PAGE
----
For example, the team had to juggle shooting different types of screens. CURS>R looked different on an older CRT monitor than on a cellphone. This kind of problem could be fixed in post-production, but Meakins wanted the actors to really interact with the game. “We had screens from different eras,” Meakins explained. “We nurtured a really clean look of the game [through] the CRT screen because it would break it and the glass is about five millimeters from the screen anyway, so it’s really hard to focus. So naturally you’d have that kind of 80s [feel]. “That wasn’t the case with an iPhone that made the game look clean/ageless.” So we went through a process where we were like, ‘Okay. How do we put [the game] on these screens and like, how much breakup do you want on that? “”The team basically had to redo the game for every type of screen on set.

Having to manipulate the different screens is one thing. In fact, making the game react in real time is another. “You need the actors to play something,” Meakins said. “We had a technician, a cool kid named Ted, who was basically playing the game. So when he typed something [it would appear on screen] in the game.” This process helped make the on-screen events look real.” Ted had his own type of pinhole spy camera on the actor to see what they were up to. If we pulled in an opposite direction or something, so he could do [CURS>R] cue with the actor. It’s become this incredibly complicated process.”

All the effort put into creating CURS>R is obvious. It looks like a fully realized and working adventure game. And since the actors had something to interact with, there wasn’t much need for CGI – most on-screen drama is performed using practical effects. Choose Or Die benefits from a less-is-more perspective, even if the process turned out to be a bit cumbersome. That’s not to say Meakins didn’t spice things up when he had the chance.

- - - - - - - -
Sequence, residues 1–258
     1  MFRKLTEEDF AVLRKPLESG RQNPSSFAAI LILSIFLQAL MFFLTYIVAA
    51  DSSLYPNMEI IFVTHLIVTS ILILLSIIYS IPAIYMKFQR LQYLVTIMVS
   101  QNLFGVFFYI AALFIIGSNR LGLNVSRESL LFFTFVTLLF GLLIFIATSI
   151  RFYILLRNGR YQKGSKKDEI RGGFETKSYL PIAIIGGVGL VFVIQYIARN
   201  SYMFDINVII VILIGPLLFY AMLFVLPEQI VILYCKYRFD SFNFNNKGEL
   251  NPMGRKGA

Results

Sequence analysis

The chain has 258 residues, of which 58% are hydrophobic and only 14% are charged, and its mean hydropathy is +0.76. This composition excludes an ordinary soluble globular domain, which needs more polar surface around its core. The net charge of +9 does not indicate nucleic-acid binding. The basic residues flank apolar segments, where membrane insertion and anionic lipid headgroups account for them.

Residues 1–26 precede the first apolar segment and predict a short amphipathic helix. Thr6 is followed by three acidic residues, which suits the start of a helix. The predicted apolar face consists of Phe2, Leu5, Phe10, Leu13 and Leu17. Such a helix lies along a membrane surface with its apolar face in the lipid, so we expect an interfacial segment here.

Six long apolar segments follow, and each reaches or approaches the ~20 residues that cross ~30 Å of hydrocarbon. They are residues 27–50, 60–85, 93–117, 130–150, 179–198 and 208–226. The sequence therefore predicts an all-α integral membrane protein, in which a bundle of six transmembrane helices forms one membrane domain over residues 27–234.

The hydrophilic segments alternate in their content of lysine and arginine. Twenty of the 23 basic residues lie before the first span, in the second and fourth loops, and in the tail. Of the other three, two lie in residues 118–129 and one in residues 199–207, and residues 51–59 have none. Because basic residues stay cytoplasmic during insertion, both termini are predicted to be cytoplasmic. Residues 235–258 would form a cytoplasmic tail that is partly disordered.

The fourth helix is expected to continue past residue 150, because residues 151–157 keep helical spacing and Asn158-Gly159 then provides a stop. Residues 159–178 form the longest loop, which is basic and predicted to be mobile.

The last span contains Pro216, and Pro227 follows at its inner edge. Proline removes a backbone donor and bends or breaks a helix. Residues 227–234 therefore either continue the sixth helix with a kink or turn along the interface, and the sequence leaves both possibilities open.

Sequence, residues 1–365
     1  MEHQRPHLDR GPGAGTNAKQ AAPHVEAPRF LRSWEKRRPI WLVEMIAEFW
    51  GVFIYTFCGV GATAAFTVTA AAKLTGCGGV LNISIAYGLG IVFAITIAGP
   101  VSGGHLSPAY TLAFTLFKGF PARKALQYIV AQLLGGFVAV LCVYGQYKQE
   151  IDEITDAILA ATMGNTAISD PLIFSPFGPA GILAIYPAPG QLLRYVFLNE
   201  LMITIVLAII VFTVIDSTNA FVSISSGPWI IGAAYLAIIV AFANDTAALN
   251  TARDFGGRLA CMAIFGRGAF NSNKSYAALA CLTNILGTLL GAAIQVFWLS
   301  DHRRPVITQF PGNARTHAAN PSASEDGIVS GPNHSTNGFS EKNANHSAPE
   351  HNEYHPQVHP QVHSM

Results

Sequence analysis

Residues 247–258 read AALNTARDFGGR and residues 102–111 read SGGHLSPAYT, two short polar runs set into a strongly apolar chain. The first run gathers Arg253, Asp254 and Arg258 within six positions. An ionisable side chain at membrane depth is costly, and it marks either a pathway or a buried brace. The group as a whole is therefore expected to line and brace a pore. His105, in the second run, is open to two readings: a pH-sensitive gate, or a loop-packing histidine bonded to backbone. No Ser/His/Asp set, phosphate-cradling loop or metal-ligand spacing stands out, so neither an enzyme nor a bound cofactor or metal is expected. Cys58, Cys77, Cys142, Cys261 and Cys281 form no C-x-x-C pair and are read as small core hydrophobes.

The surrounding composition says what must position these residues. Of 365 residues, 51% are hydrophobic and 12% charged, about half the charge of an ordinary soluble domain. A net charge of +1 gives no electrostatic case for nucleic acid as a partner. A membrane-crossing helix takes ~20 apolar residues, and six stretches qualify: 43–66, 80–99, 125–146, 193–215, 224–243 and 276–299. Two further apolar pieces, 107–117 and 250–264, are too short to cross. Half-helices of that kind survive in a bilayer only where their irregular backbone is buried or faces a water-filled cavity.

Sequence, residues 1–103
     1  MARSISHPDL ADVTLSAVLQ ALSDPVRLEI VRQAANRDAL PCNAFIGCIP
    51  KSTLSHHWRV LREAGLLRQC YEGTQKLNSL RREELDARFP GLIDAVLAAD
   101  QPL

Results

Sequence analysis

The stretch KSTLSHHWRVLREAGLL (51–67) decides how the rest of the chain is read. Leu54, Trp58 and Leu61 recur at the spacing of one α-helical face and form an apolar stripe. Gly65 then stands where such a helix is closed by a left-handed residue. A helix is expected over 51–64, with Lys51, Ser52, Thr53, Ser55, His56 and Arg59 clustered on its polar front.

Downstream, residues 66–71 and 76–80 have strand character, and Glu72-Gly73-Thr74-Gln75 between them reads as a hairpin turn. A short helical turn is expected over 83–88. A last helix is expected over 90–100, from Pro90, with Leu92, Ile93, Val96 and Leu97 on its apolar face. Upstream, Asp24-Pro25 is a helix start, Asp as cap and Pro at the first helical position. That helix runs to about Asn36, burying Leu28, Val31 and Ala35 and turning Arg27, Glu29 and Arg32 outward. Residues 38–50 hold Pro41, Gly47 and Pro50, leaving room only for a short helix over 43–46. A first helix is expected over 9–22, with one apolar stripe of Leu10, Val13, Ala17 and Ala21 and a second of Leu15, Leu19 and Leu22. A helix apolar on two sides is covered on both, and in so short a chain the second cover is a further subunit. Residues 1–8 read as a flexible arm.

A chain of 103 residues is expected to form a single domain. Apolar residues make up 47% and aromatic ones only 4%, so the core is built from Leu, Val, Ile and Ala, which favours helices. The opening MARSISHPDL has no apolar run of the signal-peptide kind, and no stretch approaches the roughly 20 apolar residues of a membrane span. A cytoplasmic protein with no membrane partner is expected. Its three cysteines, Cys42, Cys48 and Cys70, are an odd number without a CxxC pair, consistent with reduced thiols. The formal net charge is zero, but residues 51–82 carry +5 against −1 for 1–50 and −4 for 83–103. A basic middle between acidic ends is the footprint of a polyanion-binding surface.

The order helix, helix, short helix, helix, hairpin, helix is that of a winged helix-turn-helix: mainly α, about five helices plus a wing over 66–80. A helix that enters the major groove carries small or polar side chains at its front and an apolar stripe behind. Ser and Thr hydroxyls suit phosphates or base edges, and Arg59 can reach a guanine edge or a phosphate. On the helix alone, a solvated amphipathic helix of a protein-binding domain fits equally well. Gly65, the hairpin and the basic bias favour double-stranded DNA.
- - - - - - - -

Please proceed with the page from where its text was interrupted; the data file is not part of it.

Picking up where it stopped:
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When we asked him about the need to give the game a voice, something to elevate it beyond this inanimate object, Meakins explained how Robert Englund (Freddy Krueger) helped in that regard. “We realized early on that we had to get [this cursed piece of software] off the screen,” Meakins said. “Because it’s a text-based game, you’re going to end up with a whole movie of people reading stuff on a screen.” Ideally, one way to do that was with the prize line, a recording that talks about winning a grand prize for surviving the game. There’s a voice to use for the game. But that wasn’t the point in the beginning.” debates about whether we should have used the voice of Robert Englund there. . And it was so cool that we couldn’t not use it for that.” What started out as a marketing tool (in the movie itself) became something more.

Choose Or Die is Meakins’ feature debut. He and everyone involved in the writing, production, etc. had an uphill battle on their hands. Luckily, with a few clever moves, they were able to craft a solid horror/thriller based on the game. When asked what he plans to do next, Meakins expressed his desire to make more horror films. . “I did a movie called Breathe, which is one of my shorts. And [some] ghost stories,” he said. “I really liked the idea of ​​doing a ghost story [set] in broad daylight […] and I would like to find a sci-fi horror.”

Choose Or Die hits Netflix on Friday, April 15.